- Senate Bill 99
- House Bill 256
- Intellectual Property
- HB 136
- Kentucky ABC Board
- S.T.A.R. Training System
- Hospitality and Tourism Law
- Alcohol Producers
- False Advertising
- Kentucky minimum wage
- Minimum wage
- Alcoholic Beverage Control Laws
- Three-Tier System
- Alcohol Tourism
- Craft Distilleries
- Craft Producers
- Small Farm Wineries
Showing 16 posts in Hospitality.
One of the many pandemic-inspired ad hoc measures enacted last year to support restaurants and provide much needed merriment for beleaguered patrons has now become a permanent feature of Kentucky law – the cocktail-to-go. SB 67 was signed into law by Kentucky Gov. Beshear on March 15th featuring an emergency clause thereby rendering it immediately effective. More >
The Healthy at Work phase of reopening Kentucky businesses gained steam over the past couple of weeks with restaurants scheduled opening for dine-in customers on May 22, 2020. Restaurants must adhere to a set of industry specific guidelines provided by Governor Andy Beshear in addition to a set of minimum requirements which applies to most businesses in Kentucky. The Kentucky ABC also provided updated guidance to clarify that it is still allowing for restaurants to provide alcohol with curbside service, delivery, and carry-out, since restaurants will not be operating at full capacity. More >
On April 15th, the day the Kentucky legislative session ended, the Kentucky Senate approved and forwarded Senate Bill 99 to Governor Beshear for his expected signature. While the bill has been overshadowed by House Bill 415 and the COVID-19 emergency, the bill’s impact on the Commonwealth’s alcohol industry is fairly substantial. More >
After a flurry of executive orders and legislative action by Kentucky’s Governor and General Assembly to provide relief for hard hit alcohol retailers, at the request of our firm on behalf of distributor and wholesaler clients, the Kentucky Public Protection Cabinet and Department of Alcoholic Beverage Control issued a new Order, effective April 8th, extending the hours that malt beverage distributors and wine and spirits wholesalers may deliver product to the retailers to “any time of the day that the retailer is ready, able and voluntarily willing to accept deliveries of product.” This Order will allow distributors and wholesalers to deliver product to retailers outside the existing restricted hours mandated by state statute and local ordinances, which will hopefully minimize the spread of Coronavirus and allow these middle tier industry members to more efficiently and safely manage their workforce.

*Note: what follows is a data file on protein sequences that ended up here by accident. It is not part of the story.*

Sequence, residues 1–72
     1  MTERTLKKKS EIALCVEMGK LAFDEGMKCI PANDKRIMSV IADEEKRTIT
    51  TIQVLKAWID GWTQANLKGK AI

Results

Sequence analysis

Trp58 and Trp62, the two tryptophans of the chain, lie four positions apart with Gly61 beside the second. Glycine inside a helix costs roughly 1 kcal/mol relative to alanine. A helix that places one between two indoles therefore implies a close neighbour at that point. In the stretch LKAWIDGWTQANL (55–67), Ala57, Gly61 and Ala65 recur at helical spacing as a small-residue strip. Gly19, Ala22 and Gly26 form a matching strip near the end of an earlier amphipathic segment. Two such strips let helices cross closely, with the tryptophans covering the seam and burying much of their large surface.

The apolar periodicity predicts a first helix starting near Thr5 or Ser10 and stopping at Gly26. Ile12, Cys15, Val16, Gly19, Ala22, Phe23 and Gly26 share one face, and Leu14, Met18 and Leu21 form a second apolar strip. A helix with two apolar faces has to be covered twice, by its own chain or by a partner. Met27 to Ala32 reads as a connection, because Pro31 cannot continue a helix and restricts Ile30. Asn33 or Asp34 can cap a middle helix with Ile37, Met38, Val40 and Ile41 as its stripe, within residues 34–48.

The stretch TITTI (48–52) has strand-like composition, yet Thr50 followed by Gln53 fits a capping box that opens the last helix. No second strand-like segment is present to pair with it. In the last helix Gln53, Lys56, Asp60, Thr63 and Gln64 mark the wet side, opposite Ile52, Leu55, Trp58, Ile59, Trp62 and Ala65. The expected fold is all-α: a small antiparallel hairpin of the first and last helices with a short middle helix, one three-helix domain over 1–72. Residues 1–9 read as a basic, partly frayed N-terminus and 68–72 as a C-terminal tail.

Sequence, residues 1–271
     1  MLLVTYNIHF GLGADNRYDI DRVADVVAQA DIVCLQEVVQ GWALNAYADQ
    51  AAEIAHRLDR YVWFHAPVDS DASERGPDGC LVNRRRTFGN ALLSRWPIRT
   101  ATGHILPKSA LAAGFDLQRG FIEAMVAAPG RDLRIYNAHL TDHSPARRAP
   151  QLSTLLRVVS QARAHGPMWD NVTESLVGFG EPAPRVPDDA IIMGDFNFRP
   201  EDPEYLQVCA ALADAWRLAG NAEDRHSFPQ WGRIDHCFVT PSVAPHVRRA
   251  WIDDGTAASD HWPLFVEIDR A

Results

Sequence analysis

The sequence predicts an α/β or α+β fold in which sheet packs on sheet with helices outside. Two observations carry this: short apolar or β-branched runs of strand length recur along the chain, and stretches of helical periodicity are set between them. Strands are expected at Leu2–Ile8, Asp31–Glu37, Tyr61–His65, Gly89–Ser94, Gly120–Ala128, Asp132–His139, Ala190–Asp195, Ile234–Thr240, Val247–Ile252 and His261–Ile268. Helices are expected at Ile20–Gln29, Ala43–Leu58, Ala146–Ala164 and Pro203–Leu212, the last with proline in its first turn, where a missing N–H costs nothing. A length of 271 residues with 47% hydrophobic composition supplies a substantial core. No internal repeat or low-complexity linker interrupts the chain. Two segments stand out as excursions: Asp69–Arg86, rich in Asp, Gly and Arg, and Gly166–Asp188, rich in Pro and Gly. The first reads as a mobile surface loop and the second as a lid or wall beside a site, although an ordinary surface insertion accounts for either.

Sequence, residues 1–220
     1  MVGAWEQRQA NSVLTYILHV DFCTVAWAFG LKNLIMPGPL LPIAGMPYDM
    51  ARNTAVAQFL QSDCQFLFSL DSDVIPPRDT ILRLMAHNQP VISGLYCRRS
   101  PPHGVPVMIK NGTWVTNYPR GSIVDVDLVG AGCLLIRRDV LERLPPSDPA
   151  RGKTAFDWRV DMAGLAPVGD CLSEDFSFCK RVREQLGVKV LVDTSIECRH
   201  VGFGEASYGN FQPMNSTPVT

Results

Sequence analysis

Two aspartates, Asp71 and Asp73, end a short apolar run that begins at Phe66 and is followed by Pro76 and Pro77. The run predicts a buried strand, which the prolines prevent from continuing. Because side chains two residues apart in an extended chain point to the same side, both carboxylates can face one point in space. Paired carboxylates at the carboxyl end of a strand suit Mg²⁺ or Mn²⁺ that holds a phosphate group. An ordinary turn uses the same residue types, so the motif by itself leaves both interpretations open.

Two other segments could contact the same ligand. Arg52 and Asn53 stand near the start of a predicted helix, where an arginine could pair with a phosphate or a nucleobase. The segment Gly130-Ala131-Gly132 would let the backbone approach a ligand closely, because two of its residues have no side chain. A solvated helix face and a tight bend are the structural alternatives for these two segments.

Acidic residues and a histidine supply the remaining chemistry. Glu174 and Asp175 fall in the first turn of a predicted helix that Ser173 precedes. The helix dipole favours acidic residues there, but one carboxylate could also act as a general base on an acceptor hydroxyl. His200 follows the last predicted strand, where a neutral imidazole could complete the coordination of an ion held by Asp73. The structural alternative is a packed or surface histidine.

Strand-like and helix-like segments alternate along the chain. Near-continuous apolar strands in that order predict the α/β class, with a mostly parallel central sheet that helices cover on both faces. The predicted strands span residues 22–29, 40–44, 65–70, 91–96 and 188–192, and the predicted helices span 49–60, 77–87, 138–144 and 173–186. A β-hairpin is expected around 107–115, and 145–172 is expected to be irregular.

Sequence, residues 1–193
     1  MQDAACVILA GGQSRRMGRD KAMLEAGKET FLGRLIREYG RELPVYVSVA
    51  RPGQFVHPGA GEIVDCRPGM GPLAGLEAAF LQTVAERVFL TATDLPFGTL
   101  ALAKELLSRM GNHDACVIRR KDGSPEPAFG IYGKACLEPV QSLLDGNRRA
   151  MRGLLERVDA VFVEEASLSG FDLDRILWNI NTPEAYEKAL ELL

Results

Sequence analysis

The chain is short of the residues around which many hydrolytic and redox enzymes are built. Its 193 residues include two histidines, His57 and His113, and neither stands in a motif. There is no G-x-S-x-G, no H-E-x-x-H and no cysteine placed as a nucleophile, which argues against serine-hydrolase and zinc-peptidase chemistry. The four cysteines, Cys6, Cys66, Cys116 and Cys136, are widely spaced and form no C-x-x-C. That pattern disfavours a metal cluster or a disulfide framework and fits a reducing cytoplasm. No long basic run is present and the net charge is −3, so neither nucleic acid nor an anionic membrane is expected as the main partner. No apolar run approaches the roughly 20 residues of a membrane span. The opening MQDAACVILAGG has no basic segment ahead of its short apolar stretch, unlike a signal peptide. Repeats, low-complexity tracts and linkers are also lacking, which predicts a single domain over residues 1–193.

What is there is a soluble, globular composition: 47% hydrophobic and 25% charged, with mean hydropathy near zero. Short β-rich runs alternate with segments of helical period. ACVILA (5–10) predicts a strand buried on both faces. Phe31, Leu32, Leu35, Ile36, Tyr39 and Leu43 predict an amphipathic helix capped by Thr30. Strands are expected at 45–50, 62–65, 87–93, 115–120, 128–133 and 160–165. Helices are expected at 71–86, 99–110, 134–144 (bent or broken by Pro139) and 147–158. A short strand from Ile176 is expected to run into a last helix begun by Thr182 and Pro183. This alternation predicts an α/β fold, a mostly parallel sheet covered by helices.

On Thursday, March 26, 2020, Kentucky’s response to the coronavirus crisis took an odd turn in the Kentucky legislature with the passage of a bill that will now allow patrons to purchase, for carryout or delivery, alcohol by the drink. UPDATE - Gov. Beshear signed the bill on March 30th. More >
A Comprehensive Kentucky Update More >
Alcohol By the Drink Carryout Privileges; Waivers for Fees and Deadlines for Applications and Renewals
New developments in Kentucky today include the following: on March 19th, the Kentucky House of Representatives passed legislation that, if approved by the Senate, will grant to relief to restaurants holding licenses to sell alcoholic beverages by the drink, who, for a period of time, would be able to sell alcoholic beverages on a delivery, to-go, or take-out basis in conjunction with food sales. Covered or sealed drinks that are ordered under these provisions would not be considered open containers. More >
Monday, March 16, 2020, Kentucky’s Governor Beshear signed an executive order restricting the sale of food, beverages, and all alcoholic beverages to carry-out, delivery and drive thru, prohibiting onsite consumption. In addition, the order mandates social distancing of six feet for patrons and employees engaging in carry-out, delivery and drive-thru services. At this time, the Kentucky Alcoholic Beverage Control board has not offered guidance on how the order will impact its operations and whether it will grant relief in licensing, renewal, and/or operations of affected Kentucky licensees. The continued closure of services has also caused Churchill Downs to reschedule the 146th Kentucky Derby from May 2nd to September 5th, the first time the Derby has been postponed since 1945.
Stephen G. Amato is a Member of McBrayer law. Mr. Amato focuses his practice in the areas of hospitality law, civil litigation, employment law, and administrative law, and is located in the firm's Lexington office. He can be reached at firstname.lastname@example.org or
(859) 231-8780, ext. 1104.
Services may be performed by others.
This article does not constitute legal advice.
You have been perfecting your recipes for years, laboriously working over a hot stove and making sure every bit is seasoned, simmered, sautéed, and served to utmost perfection. Your passion is now your business, and your business…well, let’s just say that the chicken isn’t the only thing in your restaurant that can be dangerous when not fully cooked. You’ve trained to be a chef, but you never knew just how complicated running a business could be. Licenses and inspections to set up were tough, but keeping a restaurant running comes with its own buffet of issues.
Relax…let us set before you a three-course meal of legal issues that are specific to the restaurant industry. Think of these as a recipe for making something savory. Let’s dig in! More >